This fanatical sentiment towards the fig tree goes back to my Grandmother, Olimpia Ciacciarelli who was from Minturno, Italy. Grandma Olimpia came over on "the boat" with her family to Ellis Island in 1912 at the age of 14. As a little girl she grew up with fig trees, an integral part of her families nourishment and delight. Here in the United States, Brooklyn to be exact, her sister had a fig tree which sat in the middle of her courtyard and gave birth to the most luscious Mission figs. My grandmother would take the train from the Bronx to Brooklyn to load up shoeboxes full of figs to bring back to her family. Everyone in the family including my father at a very young age became fig fanatics.

Fast forward to the year 2002. My father, an electrician, was working the midnight shift at Saks 5th Avenue in NYC and was on a lunch break. His co-worker, Frank pulled a fig out of his bag, according to my father, the largest fig he'd ever seen. Frank gave my father one of his precious figs, which made my father have dreams of one day having his own fig tree. So he asked Frank if he would give him a branch from his fig tree, and wrap the bottom with wet newspaper so he can try and cultivate it. The next day Frank brought the fig branch in and my Father immediately called my Grandmother to consult on what to do next. She enthusiastically advised him to place the branch in a container with water so it would root. As the months went by the branch was beginning to grow roots and was ready to be transplanted into a small pot. While the fig tree continued to grow, my Grandmother, unfortunately never got to see it. She became ill and passed away a few months later.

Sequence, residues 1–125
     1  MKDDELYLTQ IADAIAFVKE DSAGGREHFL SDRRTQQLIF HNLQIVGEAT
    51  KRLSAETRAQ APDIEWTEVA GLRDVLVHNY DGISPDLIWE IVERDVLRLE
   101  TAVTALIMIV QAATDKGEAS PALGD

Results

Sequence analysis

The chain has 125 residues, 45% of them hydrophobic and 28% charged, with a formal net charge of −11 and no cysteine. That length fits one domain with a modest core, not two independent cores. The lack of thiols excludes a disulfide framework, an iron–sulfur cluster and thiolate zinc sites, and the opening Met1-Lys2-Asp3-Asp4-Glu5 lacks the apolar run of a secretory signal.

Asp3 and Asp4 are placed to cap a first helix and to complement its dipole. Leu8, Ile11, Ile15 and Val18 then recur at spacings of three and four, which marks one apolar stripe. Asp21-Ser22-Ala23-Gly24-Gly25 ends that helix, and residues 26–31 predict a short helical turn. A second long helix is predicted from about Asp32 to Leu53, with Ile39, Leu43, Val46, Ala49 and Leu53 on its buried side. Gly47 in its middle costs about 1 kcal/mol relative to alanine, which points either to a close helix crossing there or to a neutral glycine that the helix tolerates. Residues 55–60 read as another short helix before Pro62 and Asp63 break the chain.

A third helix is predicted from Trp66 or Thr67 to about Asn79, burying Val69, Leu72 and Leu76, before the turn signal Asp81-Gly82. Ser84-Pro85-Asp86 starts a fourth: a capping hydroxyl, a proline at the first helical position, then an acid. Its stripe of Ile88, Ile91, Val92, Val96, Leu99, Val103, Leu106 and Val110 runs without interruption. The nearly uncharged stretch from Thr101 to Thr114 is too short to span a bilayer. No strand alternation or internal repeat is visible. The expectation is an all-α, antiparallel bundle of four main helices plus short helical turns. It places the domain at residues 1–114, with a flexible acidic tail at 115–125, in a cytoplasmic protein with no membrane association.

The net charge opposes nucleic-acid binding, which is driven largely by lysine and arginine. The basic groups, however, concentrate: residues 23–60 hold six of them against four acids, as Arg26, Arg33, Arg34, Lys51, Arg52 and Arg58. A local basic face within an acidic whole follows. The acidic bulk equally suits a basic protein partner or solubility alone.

Since her passing the fig tree had grown through a few pots and spaces until finally it found its perfect spot on the south side of my fathers house, where it nestled up to the fence and a nearby heating vent. My father claims that the placement near this vent was not intentional but thinks it may be a contributing factor to the health of the tree. What my father truly believes is that my Grandmother, since her passing, has been watching over the health of the tree.

There are two harvests, early spring and in late summer, which my Father calls the "Fig Bonanza Crop". Friends from the neighborhood come to see the tree, sometimes they come by and take his figs thinking he would not notice. Little do they realize my father knows every fig on that tree. Every morning he goes out and takes stock of his precious fruit. Some mornings I can even hear him talking to the tree because our bedroom window is right there. "Who ate your figs last night tree? "The squirrels huh?" I will protect you don't you worry!" That day my father got me involved with putting socks over every fig, even bags to protect his fruit. "Warding off the Foe is a constant battle he says, If you see any animals running around with the biggest purple lips you have ever seen they have been eating the figs off my tree".

I have been fortunate enough to eat these figs right off of the tree. They are the sweetest figs I have ever tasted. Even Trixie thinks so! They are so perfect that making something from them seems crazy, but of course I did.

If you haven't figured it out, my father is a fanatic about his fig tree. He nurtures the tree everyday as if it was his own child. If my grandmother were alive today she would be so proud of the tree and would be out there everyday right by his side taking stock. Truth be told, If you nurture something everyday what it gives back to you might be twice fold, maybe even a "Fig Bonanza".

The offspring of my father's fig tree

My father has been nurturing a fig tree for our home at "Sheridan Green". Here is Trixie protecting our tree from the Foe.

The neighbor across the street Ben and Esther have taken one of my father's fig branches and also has begun to cultivate their own tree. 

Next Up! Fig Cognac Honey Jam and Fig Pistachio Frangipane Tart